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Cumberland County Museum lets staff go as part of restructuring

The Cumberland County Museum and Archives
The Cumberland County Museum and Archives - Google Earth

Manager/curator maintains she was released because of personality conflict with board member

AMHERST, N.S. – The board of directors of the Cumberland County Museum and Archives has released its full-time manager/curator and a part-time employee due to restructuring, but the curator is convinced there’s another reason.

The board met Thursday, Jan. 17 at which time Natasha Richard and her husband, Matthew, were told they were being released from their positions, effective immediately.

“They may call it a layoff, but that’s not what we’re considering it,” said Richard, who had seven years’ experience at the museum, five as manager/curator. “It’s really disappointing to say the least.”

Richard said last summer she came into conflict with a board member over a bag of mulch. She asked the board to address the situation with the board member but feels nothing was ever done. She sensed something was up earlier in the week but was still surprised when she and her husband were told by the board.

Richard said she and her husband, who did a lot of maintenance work around the building and refinished a number of the rooms, will take some time to consider their options. But she added she’s disappointed because she loved her job.

“It’s definitely not something I did for the money, I did it because I cared about the museum and the community,” she said.

Lisa Emery, president of the Cumberland County Museum and Archives Society, said the board has made the decision to reorganize the museum. That was the reason for letting its curator and part-time employee go.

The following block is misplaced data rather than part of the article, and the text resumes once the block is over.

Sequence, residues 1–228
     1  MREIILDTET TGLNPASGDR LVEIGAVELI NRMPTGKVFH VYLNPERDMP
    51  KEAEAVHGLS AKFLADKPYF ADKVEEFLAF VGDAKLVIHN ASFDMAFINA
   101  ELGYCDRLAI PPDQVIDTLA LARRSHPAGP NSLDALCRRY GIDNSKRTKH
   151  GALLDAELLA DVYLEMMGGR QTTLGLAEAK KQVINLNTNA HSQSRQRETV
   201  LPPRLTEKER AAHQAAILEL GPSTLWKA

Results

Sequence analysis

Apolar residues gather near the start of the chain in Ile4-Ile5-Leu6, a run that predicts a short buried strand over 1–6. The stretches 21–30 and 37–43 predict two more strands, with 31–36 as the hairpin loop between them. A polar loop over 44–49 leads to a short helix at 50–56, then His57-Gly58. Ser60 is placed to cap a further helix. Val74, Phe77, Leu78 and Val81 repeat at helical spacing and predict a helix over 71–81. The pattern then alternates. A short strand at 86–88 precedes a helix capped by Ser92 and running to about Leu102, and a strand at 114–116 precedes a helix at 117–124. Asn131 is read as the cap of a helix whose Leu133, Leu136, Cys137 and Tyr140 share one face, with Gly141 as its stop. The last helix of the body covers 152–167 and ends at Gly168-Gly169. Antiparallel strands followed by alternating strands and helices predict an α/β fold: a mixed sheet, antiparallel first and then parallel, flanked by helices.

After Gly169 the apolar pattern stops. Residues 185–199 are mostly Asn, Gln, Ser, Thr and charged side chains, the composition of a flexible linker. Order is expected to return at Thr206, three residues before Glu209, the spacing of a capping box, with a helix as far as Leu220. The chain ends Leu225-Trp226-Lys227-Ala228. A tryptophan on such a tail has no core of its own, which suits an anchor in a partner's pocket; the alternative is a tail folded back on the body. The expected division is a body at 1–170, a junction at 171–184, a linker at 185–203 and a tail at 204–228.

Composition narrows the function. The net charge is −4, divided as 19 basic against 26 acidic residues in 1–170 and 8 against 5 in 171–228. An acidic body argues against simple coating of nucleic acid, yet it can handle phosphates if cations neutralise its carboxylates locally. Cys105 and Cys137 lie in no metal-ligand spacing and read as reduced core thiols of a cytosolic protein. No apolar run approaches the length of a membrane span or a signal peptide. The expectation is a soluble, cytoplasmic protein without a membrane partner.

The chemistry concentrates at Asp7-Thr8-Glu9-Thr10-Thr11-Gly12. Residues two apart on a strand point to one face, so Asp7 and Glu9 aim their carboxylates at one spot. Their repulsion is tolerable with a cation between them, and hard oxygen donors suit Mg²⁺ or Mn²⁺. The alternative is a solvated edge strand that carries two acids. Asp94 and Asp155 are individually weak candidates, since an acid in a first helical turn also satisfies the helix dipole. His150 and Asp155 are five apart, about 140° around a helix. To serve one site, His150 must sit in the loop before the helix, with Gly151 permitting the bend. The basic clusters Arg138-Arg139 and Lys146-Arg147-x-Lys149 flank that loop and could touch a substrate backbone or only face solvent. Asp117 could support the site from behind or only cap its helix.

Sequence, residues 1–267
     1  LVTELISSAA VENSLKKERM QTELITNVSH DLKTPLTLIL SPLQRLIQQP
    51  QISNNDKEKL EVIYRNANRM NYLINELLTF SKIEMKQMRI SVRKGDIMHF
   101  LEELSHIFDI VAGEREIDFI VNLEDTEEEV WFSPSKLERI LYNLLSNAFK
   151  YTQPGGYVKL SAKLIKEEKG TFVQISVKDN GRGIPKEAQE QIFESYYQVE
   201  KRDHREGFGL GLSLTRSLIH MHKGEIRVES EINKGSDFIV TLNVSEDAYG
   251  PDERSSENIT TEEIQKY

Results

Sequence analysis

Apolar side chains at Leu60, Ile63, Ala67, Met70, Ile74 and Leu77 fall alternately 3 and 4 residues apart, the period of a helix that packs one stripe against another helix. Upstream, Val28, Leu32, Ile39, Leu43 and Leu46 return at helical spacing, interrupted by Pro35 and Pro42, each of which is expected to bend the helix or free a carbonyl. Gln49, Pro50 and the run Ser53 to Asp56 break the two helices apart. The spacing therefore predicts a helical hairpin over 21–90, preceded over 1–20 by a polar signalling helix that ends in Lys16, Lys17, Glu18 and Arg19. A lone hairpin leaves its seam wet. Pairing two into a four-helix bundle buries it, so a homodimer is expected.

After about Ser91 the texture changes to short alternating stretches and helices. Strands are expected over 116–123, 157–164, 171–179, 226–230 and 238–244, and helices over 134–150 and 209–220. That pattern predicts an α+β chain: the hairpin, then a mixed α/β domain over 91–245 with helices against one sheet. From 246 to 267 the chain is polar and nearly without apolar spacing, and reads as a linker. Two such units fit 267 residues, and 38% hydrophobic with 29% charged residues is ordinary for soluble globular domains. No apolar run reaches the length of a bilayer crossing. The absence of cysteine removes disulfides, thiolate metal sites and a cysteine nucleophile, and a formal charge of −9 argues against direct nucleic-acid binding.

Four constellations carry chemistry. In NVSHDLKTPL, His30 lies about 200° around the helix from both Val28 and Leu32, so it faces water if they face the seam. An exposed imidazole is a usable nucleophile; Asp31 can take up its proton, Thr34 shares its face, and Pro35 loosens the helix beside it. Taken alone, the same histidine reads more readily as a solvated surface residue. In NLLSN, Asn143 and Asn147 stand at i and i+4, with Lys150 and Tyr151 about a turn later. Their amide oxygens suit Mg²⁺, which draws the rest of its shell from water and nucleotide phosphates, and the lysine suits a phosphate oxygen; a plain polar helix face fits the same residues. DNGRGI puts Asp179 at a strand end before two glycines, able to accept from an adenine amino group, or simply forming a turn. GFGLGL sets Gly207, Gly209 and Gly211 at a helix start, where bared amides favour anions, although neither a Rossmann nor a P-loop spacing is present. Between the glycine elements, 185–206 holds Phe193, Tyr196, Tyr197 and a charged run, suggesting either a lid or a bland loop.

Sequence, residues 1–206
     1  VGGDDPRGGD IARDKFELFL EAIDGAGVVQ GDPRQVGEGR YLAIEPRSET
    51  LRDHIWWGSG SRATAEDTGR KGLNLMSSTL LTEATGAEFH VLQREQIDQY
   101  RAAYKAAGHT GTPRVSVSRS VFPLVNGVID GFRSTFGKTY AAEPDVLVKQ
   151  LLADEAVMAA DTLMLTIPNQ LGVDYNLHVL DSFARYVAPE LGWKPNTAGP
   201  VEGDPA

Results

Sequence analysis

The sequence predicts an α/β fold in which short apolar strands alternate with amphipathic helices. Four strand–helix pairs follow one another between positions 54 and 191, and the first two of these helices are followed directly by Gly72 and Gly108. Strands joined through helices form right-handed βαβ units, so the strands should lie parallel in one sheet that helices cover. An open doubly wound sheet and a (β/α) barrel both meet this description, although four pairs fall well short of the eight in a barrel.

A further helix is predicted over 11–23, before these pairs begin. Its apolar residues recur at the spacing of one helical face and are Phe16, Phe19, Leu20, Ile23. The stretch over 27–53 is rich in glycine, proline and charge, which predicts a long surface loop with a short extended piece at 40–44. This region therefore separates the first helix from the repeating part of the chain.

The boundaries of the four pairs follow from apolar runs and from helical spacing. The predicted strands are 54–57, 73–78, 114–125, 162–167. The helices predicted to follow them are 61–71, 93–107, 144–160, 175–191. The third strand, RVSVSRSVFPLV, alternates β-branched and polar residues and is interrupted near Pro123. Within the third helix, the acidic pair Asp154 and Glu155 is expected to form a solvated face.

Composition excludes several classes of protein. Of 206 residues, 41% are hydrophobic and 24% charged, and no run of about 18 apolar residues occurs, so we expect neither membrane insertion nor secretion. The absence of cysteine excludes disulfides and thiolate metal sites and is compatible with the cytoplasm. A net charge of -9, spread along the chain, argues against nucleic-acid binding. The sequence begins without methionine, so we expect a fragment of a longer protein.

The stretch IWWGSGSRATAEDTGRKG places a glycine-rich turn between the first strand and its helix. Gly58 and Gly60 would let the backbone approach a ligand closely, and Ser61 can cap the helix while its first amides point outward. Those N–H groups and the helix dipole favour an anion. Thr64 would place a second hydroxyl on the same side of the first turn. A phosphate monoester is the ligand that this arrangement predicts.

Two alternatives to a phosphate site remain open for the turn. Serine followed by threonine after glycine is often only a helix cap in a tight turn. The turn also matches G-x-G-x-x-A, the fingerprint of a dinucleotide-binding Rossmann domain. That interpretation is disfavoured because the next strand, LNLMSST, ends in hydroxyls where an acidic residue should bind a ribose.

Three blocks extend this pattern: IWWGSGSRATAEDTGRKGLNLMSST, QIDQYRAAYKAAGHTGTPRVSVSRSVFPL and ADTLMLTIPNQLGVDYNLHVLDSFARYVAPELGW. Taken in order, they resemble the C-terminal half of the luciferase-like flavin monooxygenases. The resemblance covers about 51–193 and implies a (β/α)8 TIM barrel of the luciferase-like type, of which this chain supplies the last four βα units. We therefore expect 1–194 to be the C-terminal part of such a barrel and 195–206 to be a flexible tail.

She confirmed there was a conflict between Richard and a board member but said the board member apologized in writing and in person and the incident had absolutely nothing to do with the board’s decision.

“As a board, we decided to change how we operate the museum, in that we’re transitioning from being open year-round to more seasonal,” Emery said. “The numbers and the finances don’t match. The number of people that visit in the winter time just aren’t there.”

At present, she said, the museum is closed in January, except by appointment only. That practice will now be expanded for the rest of the winter, but it will be open by appointment with board members operating the facility.

“We’re not closed,” Emery said. “The operating hours will be appointment-only. We’re continuing with that. If someone wants to come and do some research, we can open up for them.”

She said the museum will continue to host exhibits such as one for African Heritage Month in February. It’s also hoped another exhibit featuring prisoner-of-war and internment camps will be held later this year, focusing on the Amherst camp that operated during the First World War.

Emery understands Richard and her husband are unhappy, but said the decision is based on the long-term viability and stability of the museum. It was not about personalities.

“Our goal is sustainability and that’s why this decision was made,” Emery said. “This was a tough decision to make.”

Moving forward, Emery said no decisions have been made on the long-term operation of the facility. She said the board will continue to meet and hopes to have a plan in place by spring.

She said anyone needing access to the museum can contact her at 902-664-7223 or vice-president Gordon Goodwin at 902-667-8134.

The museum, located in the former home of Father of Confederation R.B. Dickey on Church Street in Amherst, was purchased by the former Amherst Township Historical Society in 1981 from Betty Burgess. It was turned over to the province and converted into a museum.

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